Imagine settling into bed after a hard day’s work, hoping to catch some sleep, when the ear-splitting tone from 911 dispatch tears through the fire hall, blaring out the address of a structure fire.
This is the reality for Rome-Floyd County firefighters.
“There’s really no such thing as a deep sleep,” Sgt. Tim Causby said. “If you’re going to a fire, your adrenaline kicks in and you’re in it.”
It’s a matter of dealing with extremes, where firefighters could go from eating a homemade meal or watching a movie to breaking down a door and attacking a fire.
For the firefighters of Station 1’s C shift, working 24 hours straight means the fire hall at 617 W. First St. acts as a second home.
“One-third of our life is spent here,” Battalion Chief Greg Abbott said.
What many people fail to realize, Abbott continued, is firefighters work a formal job like any other workers, except after 5 p.m. they keep working.
When not responding to calls, from 7 a.m. to 5 p.m. firefighters could be training, flushing hydrants, giving educational lectures or maintaining their equipment.
After 5 p.m., when regular workers are going home for the night, firefighters stay on duty but are given time for themselves.
“Pretty much free time, just have to be ready to respond,” Capt. Steve Bailey said.
Downtime could mean anything from watching movies to working out or having discussions to studying.
Abbott said some guys kick back in recliners and watch movies to pass the time, which makes it difficult to find a movie they haven’t seen when they return home.
“Their family says ‘hey let’s watch this movie’ and they’ll respond ‘I done seen it,’” Abbott said.
For the most part, firefighters do what they would do at home at the fire hall.
“Much of our free time is spent trying to make it a home,” Bailey said. “We’re a pretty close-knit group.”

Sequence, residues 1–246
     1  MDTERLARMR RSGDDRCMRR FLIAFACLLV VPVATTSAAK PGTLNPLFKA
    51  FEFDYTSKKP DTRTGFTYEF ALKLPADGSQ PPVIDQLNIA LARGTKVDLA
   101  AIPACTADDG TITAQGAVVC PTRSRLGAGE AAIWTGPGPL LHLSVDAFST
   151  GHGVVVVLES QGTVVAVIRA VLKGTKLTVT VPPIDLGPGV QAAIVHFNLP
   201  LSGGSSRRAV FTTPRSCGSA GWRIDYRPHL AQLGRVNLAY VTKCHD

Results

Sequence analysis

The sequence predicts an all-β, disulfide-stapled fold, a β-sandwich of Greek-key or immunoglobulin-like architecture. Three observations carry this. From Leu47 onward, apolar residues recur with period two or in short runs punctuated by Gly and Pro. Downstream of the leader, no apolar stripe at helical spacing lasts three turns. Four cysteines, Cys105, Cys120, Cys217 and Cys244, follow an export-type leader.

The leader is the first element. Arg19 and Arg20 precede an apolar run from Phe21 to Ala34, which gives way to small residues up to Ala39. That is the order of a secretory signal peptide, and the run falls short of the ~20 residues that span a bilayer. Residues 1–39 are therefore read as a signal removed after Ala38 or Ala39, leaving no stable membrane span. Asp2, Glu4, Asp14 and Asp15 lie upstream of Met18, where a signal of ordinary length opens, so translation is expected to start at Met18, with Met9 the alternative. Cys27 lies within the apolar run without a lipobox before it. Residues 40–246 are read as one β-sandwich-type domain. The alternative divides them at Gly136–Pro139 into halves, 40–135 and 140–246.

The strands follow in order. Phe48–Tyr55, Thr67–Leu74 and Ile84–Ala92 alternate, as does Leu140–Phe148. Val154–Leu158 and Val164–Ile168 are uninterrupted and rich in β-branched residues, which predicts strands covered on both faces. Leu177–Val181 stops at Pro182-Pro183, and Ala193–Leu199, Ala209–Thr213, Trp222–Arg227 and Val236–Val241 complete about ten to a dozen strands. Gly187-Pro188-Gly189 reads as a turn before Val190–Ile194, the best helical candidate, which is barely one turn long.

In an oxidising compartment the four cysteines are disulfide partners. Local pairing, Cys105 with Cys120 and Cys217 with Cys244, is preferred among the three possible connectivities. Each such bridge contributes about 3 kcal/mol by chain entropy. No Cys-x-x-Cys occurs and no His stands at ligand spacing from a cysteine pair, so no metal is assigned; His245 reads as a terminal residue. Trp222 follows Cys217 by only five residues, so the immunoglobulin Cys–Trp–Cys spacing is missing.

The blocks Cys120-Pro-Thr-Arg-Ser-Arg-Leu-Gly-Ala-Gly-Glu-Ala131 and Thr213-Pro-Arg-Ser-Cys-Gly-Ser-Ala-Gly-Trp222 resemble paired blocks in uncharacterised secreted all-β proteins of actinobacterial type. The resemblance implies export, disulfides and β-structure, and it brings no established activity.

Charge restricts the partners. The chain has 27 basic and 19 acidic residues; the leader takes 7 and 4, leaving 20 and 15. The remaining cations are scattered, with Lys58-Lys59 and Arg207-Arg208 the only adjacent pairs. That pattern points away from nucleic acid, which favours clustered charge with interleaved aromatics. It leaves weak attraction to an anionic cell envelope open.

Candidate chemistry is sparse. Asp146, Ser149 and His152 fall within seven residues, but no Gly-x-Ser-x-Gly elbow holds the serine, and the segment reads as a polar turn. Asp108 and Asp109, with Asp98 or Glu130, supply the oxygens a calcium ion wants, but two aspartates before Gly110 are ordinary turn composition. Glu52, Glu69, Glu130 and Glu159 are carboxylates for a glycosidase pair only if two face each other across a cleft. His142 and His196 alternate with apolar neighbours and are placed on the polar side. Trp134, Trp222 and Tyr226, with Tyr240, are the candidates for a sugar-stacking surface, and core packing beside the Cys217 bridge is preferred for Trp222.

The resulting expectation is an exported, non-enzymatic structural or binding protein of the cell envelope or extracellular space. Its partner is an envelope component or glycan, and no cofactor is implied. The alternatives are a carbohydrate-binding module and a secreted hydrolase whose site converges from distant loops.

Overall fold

For firefighter Landon Tibbitts, that means cooking up a meal.
Bailey called Tibbitts the resident cook.
And the cook doesn’t do the dishes, Causby added.
In between calls and joking remarks to shave his head, dish duty often falls on the shoulders of rookie firefighter Tye Sims.
Fellow firefighter Alex Routt said wanting Sims to get a haircut is “not a hazing thing” but a demand based on “stylistic preferences.”
Sims is still on a probationary period where he is building experience and knowledge from a basic education gained from rookie cadet school.
“We harass him about everything,” Bailey said with a smile.
Sims doesn’t mind, though. “It’s the best job in the world,” he said.
It isn’t so much heckling Sims, but rather seeing what type of person he is, Bailey added.
Getting to know one another is integral to building camaraderie among firefighters, who may have to put their lives in each other’s hands.
“You depend on each other to get you out of trouble,” Bailey said.
Tales of fires fought or dispatches answered also flow through the fire hall, and for young firefighters, it’s the best time to listen in.
“We share a lot of war stories,” Bailey said. “A lot of the time it’s where you get the best education.”
However, some discussions stray from firefighting to politics or sports, Bailey said.
“There are a lot of different viewpoints,” he said. “It can get a little rowdy.”
Looking back on the birthdays or family cookouts missed, Bailey reflected “it can be tough,” but “this is our home away from home.”
Firefighters were sitting down for a low-country boil lunch Tibbitts had prepared on Tuesday, when the dispatch tone went off.
Throwing down their silverware and napkins, they rushed from their seats at the table to seats on the fire truck.
“I had one bite and had to go out again,” Tibbitts said. “A lot of firemen eat fast.”